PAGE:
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And the Sun Shines Now: How Hillsborough and the Premier League Changed Britain By Adrian Tempany

Release date: 02nd June, 2016
Publisher: Faber & Faber

List Price: £12.99
Our Price: £10.49
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There have been a surprisingly large number of books written about Hillsborough and the preventable disaster that resulted in 96 Liverpool supporters losing their lives in April 1989, but few are as gut-wrenchingly well-written as And the Sun Shines Now.

Author Adrian Tempany was amongst the crowd in pen three of Hillsborough’s Leppings Lane end as tragedy struck on that fateful day. His is a strong, penetrating account of how he watched the lives of others around him ebb away, colour draining from their faces, vomit oozing from lifeless mouths. Tempany himself almost gave up until the unbearable pressure of thousands of bodies pressing against each other was finally relieved.

This compelling eye-witness account of the author’s brush with death demands the reader’s attention; it’s a dramatic opening to what could be described as a modern social history, with football at its core.

Hillsborough proved a pivotal moment in football history; three seasons later, the Premier League was formed and in a move worthy of Stalin, all pre-1992, pre-Sky, statistics and records were effectively expunged from the record books. If it happened before 1992, it doesn’t count, doesn’t warrant a mention.

Money, no friend of tradition, especially in instances where much of it had been accumulated by questionable means, flooded into the game’s higher echelons and supporters became marginalised. Suddenly, people you wouldn’t trust as far as you could throw them were allowed to acquire our most iconic football clubs. The authorities turned a blind eye to this scandalous situation, as they continue to do, in stark contrast to the situation in Germany, where, as Tempany shows, fan ownership is more prevalent and matches significantly less expensive to attend.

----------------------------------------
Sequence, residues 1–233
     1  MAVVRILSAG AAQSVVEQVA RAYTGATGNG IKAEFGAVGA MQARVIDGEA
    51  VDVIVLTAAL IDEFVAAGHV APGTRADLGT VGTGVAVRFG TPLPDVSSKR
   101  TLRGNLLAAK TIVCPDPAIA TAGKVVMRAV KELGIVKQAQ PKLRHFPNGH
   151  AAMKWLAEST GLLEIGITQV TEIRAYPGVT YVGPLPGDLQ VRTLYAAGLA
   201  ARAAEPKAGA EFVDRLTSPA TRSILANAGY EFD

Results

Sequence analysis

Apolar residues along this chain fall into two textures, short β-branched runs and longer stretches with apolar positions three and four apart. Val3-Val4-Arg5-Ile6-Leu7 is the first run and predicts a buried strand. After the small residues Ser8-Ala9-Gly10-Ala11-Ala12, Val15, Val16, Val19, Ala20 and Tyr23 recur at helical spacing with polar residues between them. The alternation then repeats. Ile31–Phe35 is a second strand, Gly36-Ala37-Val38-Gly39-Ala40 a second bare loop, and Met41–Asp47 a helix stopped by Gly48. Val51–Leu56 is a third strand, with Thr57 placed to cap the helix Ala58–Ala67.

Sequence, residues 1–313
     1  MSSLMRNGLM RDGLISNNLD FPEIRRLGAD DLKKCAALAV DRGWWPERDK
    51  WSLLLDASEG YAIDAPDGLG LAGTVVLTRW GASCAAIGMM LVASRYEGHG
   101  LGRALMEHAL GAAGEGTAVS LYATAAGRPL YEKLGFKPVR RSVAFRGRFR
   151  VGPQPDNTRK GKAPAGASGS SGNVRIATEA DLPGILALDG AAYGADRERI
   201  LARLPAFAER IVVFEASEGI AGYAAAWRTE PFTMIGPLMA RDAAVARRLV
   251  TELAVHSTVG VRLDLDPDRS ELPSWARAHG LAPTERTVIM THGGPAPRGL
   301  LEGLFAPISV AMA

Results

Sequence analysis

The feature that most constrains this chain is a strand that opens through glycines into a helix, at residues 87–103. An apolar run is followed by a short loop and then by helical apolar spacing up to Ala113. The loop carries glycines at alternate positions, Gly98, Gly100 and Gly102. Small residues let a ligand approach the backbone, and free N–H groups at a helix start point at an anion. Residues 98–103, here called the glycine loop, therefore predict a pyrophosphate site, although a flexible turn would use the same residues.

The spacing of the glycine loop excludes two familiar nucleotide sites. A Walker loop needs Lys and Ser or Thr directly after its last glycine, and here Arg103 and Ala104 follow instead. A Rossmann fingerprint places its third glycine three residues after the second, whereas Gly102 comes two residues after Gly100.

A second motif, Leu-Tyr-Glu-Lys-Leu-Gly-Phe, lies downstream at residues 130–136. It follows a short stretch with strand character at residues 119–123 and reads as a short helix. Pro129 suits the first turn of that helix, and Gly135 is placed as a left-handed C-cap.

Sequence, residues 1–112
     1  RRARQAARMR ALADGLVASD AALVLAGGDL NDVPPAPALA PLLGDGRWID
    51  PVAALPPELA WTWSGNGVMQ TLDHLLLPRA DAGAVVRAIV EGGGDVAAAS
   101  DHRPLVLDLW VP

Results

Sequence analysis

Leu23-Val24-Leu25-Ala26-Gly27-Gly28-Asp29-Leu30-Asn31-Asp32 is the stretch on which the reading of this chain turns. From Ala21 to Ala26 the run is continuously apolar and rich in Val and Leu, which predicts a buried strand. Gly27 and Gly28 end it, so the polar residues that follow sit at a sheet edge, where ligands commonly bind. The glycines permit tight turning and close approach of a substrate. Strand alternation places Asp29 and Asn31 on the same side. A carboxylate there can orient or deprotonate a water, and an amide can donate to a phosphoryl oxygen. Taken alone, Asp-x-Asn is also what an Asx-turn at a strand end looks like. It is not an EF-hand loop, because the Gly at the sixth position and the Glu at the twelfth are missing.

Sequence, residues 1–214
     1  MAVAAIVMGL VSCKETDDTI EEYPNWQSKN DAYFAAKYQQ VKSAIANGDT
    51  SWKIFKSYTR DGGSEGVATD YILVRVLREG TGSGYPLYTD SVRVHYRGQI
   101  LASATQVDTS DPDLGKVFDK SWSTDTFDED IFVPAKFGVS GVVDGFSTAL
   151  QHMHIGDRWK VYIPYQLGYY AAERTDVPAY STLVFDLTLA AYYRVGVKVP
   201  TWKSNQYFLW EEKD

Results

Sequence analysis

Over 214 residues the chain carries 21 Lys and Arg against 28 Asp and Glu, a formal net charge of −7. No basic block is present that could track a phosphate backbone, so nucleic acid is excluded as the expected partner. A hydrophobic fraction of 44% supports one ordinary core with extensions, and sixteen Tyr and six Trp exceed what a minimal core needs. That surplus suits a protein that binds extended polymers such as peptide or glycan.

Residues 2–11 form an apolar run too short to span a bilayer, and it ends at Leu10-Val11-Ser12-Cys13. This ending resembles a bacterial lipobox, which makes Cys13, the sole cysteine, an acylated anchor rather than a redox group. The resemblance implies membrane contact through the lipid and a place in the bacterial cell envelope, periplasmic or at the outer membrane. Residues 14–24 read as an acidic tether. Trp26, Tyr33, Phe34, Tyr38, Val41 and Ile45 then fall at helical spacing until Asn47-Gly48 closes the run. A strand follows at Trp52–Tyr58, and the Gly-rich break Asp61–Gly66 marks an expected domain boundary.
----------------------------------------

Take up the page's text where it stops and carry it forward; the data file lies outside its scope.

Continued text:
Leading clubs currently in receipt of billions of pounds wouldn’t be where they are today without supporters attending matches for more than a century and millions of fans paying to watch games on TV for decades. Yet as it has strived to become a business, the national sport has become less an integral part of working class life and more ‘entertainment’, replete with everything that description entails.

And the Sun Shines Now is a bitter-sweet read. Some good can often emerge from disaster and many fans will hope that Tempany’s book strengthens the movement for football fans to reclaim their game from the leeches and gangsters who now populate football’s corridors of power. Regrettably, no-one is expecting that to happen anytime soon.

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